Add in “jewels”—foods that are rich, brightly colored (by nature!), micronutrient dense, and chemically (and genetically) unadulterated.  These foods are not only richer sources of vitamins, minerals, and phytochemicals, but are also less taxing for your body to process. Some of my favorite jewel foods include lacinato kale, berries, sweet potatoes, and avocadoes. Spices and herbs are also rich sources of phytochemicals.

2.  Be gentle: Utilize moderate cooking methods.

Cooking foods at high temperatures for long periods of time creates unhealthy molecules that are damaging to our cells. And it’s not just meat—grilling, roasting, toasting, or baking plant-based carbohydrate foods (like potatoes and grains) at high temperatures yields acrylamides, which studies show may cause cancer. As they are found naturally in certain foods, avoiding acrylamides is virtually impossible, but roasting and toasting to a golden-yellow color rather than brown and avoiding fried foods help minimize our exposure. I would be remiss if I didn’t talk about cooking with oils: Anytime an oil is heated above its smoking point, it begins to deteriorate, compromising both its nutritional integrity and your health So if your pan is smoking after you add the oil, discard it safely and start over! A rule of thumb is the lighter the color of the oil, the higher the smoke point: Spectrum Organics has a great chart.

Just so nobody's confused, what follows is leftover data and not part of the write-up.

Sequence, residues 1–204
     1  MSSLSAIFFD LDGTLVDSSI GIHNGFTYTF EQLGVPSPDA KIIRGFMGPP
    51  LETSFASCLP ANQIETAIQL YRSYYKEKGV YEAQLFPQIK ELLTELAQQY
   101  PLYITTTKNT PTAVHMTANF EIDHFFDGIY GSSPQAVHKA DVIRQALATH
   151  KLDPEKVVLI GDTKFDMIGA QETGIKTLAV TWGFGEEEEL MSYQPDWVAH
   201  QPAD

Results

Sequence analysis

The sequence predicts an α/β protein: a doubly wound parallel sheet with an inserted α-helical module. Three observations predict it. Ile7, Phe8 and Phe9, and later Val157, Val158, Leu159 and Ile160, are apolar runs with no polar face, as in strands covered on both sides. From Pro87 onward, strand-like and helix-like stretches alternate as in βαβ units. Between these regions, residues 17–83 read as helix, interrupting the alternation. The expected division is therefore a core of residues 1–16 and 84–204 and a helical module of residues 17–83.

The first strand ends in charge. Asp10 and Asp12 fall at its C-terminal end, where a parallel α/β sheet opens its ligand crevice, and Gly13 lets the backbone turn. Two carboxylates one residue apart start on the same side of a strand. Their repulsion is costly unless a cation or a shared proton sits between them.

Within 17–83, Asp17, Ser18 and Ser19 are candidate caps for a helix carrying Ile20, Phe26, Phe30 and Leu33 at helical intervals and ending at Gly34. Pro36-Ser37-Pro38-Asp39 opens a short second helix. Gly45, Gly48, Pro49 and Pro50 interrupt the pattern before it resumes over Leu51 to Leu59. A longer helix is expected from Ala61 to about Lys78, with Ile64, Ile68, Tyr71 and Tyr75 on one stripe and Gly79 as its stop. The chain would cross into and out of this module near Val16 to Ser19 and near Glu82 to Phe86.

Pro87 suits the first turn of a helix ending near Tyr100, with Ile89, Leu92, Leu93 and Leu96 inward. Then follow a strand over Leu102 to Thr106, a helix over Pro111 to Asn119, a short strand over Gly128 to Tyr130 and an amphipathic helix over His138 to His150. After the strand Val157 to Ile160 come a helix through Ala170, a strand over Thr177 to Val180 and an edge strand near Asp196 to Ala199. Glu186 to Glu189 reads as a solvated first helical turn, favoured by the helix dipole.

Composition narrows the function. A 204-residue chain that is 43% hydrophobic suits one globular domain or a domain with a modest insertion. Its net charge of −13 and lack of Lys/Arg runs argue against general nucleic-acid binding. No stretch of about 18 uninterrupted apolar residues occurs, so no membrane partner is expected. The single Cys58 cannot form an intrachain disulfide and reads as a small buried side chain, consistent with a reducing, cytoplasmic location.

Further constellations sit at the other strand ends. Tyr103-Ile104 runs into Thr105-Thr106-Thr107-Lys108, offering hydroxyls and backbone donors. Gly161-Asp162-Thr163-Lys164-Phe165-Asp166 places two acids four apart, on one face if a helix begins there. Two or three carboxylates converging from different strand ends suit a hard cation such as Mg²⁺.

Sometimes it’s not the food that’s full of junk but the pot or pan we cook it in. Dispose of any Teflon pans with scratches or peeling. Safer options include stainless steel, enameled or raw cast iron, and—a newcomer to the culinary world—high-density microfine ceramic.

3.  Be green: Buy local. Source ethical meat, purchase sustainable fish, and store your food safely.

A recent report stated that organic produce is no more nutritious than conventionally grown produce. While that may be true as far as vitamin and minerals, eating organic is more nourishing. Choosing organic is not so much about what you’re getting, it’s about what you’re not getting. Organic foods contain far fewer pesticide residues. And remember, just because something is labeled USDA organic doesn’t mean that it’s better than a local, unlabeled product: Many small farms may use organic methods but haven’t gone through the certification process.

If you eat beef, choose 100 percent grass-fed and pastured beef—it’s lower in inflammatory omega-6s and contains more anti-inflammatory omega-3s than its conventional, corn-fed counterparts..

Seafoodwatch.org is a good resource for assessing the sustainability and safety of the fish we consume. They have shopping guides for each region of the country.

Plastic storage food containers can leach toxic residues into our food and drink. Swap out your Tupperware for glass storage containers and ditch the plastic water bottles for glass or stainless steel.